Corrections for juliadatascience book

It’s incredible what wrong definitions the authors of the juliadatascience give in their online book, accessible at: https://juliadatascience.io/.
There are so many scientists on this forum and no one has read what this book contains? I suggest to publish chapters online only after a review because the definitions I’ve just read in the chapter Distributions damage the image of Julia community.
https://juliadatascience.io/stats_dist
Example: Probability of an event is a set of numbers!!! :frowning:

The axioms of probability that follow this definition are also mind blowing. And the list is much longer…

Well, it clearly states that it is a work in progress. You could create issues or even pull requests in their repository if you want to invest the time.

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The way we work in this book is by moving fast. We’ve set up the build of the book to be fully automatic, so for any PR, the build runs all the code and generates a PDF. Once the PR is merged, the website and PDF are updated in roughly 20 minutes. The statistics chapter that you seem to be referring to was added after someone suggested on Twitter that our data science book contained only data transformations and plotting. That was a fair point. So, after working with some great speed, the statistics chapter was added 2 weeks after the remark on Twitter.

Unfortunately, with great speed come mistakes. Like said above, you are very welcome to open a PR to our repository. Or, you can always tell us here, send us a PM via Slack, via Zulip or even a mail. Finally, you can just wait and it’s likely that it the issues are fixed in a few weeks.

I’ve opened an issue at the repository (Issues with definitions in the statistics chapter · Issue #150 · JuliaDataScience/JuliaDataScience · GitHub).

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@rikh With so many friends who like your high speed approach I can only wish you good luck. But beware that high speed can cause accidents.

I don’t get it. Most of probability textbooks defines probability from the axiomatic Kolmogorov definition and then anchors it on set theory.

For example, this is one of such:

(Daphne Koller- Probabilistic Graphical Models)

What different definition or notation would you use to define probability?

We used the following definition: " The probability of an event is a real number between 0 and 1, where 0 indicates the impossibility of the event and 1 indicates the certainty of the event ."

We would love to have different voices and opinions so we could build upon it to have better content.

@Storopoli The definition you state here is not identical to the excerpt posted by the op.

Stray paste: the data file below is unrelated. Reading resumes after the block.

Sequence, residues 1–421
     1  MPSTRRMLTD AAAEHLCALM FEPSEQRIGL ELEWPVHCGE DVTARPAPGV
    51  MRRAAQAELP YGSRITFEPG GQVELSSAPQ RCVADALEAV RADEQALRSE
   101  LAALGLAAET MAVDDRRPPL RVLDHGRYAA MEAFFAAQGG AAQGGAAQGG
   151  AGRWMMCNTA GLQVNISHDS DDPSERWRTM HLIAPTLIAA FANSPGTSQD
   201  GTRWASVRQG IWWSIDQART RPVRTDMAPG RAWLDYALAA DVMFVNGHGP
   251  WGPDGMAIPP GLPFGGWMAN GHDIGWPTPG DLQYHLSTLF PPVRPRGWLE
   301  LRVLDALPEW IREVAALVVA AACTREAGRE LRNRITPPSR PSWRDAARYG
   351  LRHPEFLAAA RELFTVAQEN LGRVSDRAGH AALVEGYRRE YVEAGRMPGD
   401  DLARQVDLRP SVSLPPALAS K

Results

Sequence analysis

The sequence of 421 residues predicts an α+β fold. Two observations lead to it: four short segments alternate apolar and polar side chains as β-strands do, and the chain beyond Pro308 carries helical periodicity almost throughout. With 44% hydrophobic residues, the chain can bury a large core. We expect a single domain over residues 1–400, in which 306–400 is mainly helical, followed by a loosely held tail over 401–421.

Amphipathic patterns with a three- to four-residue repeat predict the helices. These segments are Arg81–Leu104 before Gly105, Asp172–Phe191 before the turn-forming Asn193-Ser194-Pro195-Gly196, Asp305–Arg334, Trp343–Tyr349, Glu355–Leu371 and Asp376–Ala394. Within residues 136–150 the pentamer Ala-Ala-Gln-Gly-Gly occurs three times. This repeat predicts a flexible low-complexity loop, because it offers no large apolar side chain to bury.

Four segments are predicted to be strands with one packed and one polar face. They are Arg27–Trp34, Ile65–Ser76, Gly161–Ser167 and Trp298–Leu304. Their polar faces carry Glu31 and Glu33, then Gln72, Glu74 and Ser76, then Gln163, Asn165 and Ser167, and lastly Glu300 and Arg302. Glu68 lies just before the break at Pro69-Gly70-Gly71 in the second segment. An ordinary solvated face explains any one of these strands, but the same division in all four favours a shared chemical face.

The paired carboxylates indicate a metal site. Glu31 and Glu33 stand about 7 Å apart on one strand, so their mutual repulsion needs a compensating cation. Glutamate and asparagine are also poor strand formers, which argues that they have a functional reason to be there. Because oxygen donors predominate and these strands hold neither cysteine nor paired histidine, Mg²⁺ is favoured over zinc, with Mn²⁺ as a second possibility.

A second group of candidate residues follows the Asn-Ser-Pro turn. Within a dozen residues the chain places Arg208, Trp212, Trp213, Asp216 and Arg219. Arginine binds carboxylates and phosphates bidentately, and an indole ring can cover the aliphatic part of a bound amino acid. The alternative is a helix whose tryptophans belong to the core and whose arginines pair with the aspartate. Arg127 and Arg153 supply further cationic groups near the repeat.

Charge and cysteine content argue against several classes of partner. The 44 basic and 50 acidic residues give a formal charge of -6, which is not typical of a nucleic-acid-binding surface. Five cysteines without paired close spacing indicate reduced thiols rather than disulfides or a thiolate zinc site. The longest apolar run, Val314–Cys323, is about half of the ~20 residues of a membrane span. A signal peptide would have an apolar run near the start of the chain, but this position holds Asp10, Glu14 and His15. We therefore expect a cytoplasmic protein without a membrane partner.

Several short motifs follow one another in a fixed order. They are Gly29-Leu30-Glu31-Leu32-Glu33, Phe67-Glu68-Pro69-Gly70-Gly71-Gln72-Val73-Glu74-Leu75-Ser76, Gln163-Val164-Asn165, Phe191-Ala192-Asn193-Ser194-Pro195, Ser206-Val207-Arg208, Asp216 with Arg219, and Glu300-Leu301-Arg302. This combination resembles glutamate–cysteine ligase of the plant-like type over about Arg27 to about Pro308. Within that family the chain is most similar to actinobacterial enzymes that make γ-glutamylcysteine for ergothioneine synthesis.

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As I understand, the problem pointed out in the OP is that P(A) is described as being a set

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The measure theory guys are going to get cross at the assertion that a probability of zero indicates impossibility… see eg here. BTW I think the book itself is a great idea!

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No, it’s not only the statement that the probability of an event is a set. The definition of the probability that follows this statement, and many other, are confusing.
Since I received messages in my julia discourse inbox, asking why I manifest such an attitude,
and the author friends appreciated the arguments given by @rikh, I give here my arguments and the right Kolmogorov axioms, not in a PR or an issue opened on the book repo.
I stumbled upon a link to juliadatascience.io here on discourse. The first click was on the section Distribution. I didn’t know it is a work in progress. But even for a WIP the presentation must be clear, and correct, if it is already posted online, because it can be read by a lot of people. That’s why I posted that message on discourse.

I give here a link to a pdf, I edited as an answer: https://drive.google.com/file/d/1dOgOWk3kUKnYnpkuxMH2JAvR1AP7TuCJ/view?usp=sharing

If you have read the text in the above pdf file you can now compare with author axioms.

The image below illustrates how incorrect is their “axiom” stating that for any two mutually exclusive events, A, B, P(A)=1-P(B).
AcapBempty

Involving a probability density function in the definition of the probability (their third axiom) is totally unacceptable, because at that point we don’t know completely what a probability is, and much less a probability density. It’s a logical error.